Now, I said I was a drunk, but I'm not sure I was an Alcoholic. I think I drank because I was bored and everyone else around me was doing the same. Once I had a chance to escape that, I dried out, slowly, but I dried out. I do think that one can go from one extreme to being a normal social drinker, but it is easier for some than others. I don't think I have the addictive gene, so it was fairly easy for me, it might not be easy for others though.

  9. #9

    Carol247's Avatar
    Member Since
    Dec 17, 2006
    The beautiful Northwest
    imac 20" 216 GHz Intel Core 2 Duo processor, 1GBSDRAM, 250 GB hd, Airport Extreme, Bluetooth 2.0
    I know at least three people who drink Odoul's (or non-alcoholic substitute) when they want a beer or drink as a previous poster commented. They think it tastes the same but without all the alcohol. If that doesn't satisfy then a person must be looking for the buzz that alcohol brings and that may be where the addiction comes in.

    I know that may not be an adequate answer to your question but I've never drink alcohol except for about 4-5 times when I was in my 20's.

    The one thing I can relate though and that is a sugar addiction. I have had that and I know what it's like to think constantly about what sugar treat I'm going to have next. I've binged on candy by having at least 1000 to 1200 calories in one bag full. I don't do that anymore but I know if I let down on my healthy lifestyle just a little bit, I'll be right back going for the donuts, candy, pies and cakes. I just know I can't do it.

    It's already been said, you know yourself and how much will power you have. If you doubt it at all, then I'd suggest you find a substitute because the outcome is not worth it and you have to love yourself enough to do the right thing because you are worth it.

    Good luck!
    "We have enough youth, what we need is a fountain of smart"! - Unknown

  10. #10

    Shannonb's Avatar
    Member Since
    May 29, 2007
    2.16 Core 2 Duo, 160GB HD, 2gb RAM, Black Macbook | iPhone | OS X Leopard
    It's all about knowing when to limit yourself. I do think you can have a good time with alcohol and definitely not become an alcoholic.

    ****500th Post***** w00t!!!!!

  11. #11

    Kash's Avatar
    Member Since
    Dec 03, 2006
    Irvine, CA
    Black Macbook C2D 2GHz 3GB RAM 250GB HD iPhone 4 iPad 3G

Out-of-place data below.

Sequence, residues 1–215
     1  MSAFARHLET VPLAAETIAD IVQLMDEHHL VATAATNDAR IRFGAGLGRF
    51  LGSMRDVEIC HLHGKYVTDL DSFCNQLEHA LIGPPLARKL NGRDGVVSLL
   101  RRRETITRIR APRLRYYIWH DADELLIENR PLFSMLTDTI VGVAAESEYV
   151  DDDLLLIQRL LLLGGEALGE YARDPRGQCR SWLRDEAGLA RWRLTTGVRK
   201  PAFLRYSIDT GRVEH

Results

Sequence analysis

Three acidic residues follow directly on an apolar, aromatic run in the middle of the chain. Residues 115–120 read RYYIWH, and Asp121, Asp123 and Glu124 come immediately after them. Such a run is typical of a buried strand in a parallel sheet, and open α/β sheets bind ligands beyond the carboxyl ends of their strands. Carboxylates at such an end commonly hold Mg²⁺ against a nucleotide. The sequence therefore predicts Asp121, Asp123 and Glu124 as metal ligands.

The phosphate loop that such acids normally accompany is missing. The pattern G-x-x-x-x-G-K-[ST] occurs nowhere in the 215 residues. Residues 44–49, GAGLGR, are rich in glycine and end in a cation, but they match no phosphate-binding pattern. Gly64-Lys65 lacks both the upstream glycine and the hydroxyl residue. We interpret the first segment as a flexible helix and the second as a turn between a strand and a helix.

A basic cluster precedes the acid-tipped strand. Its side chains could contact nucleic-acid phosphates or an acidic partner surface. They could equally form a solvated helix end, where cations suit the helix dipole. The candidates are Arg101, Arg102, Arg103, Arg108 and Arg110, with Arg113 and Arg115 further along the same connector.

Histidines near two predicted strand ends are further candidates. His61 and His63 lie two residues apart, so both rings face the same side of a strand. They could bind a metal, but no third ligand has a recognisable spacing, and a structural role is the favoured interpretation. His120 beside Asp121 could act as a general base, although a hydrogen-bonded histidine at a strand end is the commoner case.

Fortunately for me, my experiences with alcohol haven't been very pleasant. Totally disgusted by the taste (definitely not a fan of beer or whiskey) and it's not exactly light on the wallet. Plus, I seem to have a ridiculously high natural tolerance as I can take up to 14 shots and not get drunk, which obviously can make drinking very expensive. And I haven't done a thing to build up this tolerance...

    I think with enough willpower we can overcome anything. Though I guess it helps if the very thought of alcohol makes you nauseous

    June 2007
    July 2009

  12. #12

    knightlie's Avatar
    Member Since
    Mar 22, 2007
    Lenovo Z560 Hackintosh -:- '06 iMac -:- iPod Touch 2ndGen
    I'm lucky in that as soon as I reach my limit I either pass out or throw up. These days I rarely get that far, a couple of beers with a friend or watching a movie is as much as I drink. I drink beer because I like it, not because I want to get drunk, and that's an important distinction - many people I know drink huge amounts with the intention of getting drunk, which just seems dumb to me, given how unpleasant the experience and it's after-effects are.

    It's a grey area, I wouldn't say that people are either addicted or not, but I would say that, as Kash says, you can overcome it with willpower. For me, it's simple - I don't want to get drunk, so I don't drink too much. I've never smoked because I don't feel the need to (and it's hideously expensive over here).

    If I were unable to stop myself getting drunk, then I wouldn't start drinking. But then we're into the whole "social" aspect, where you are expected to do what everyone else does, and where willpower is that much more important.
    [URL=""]Beadia[/URL - Jewelry Business Management Software]
    I judge you when you use poor grammar.

  13. #13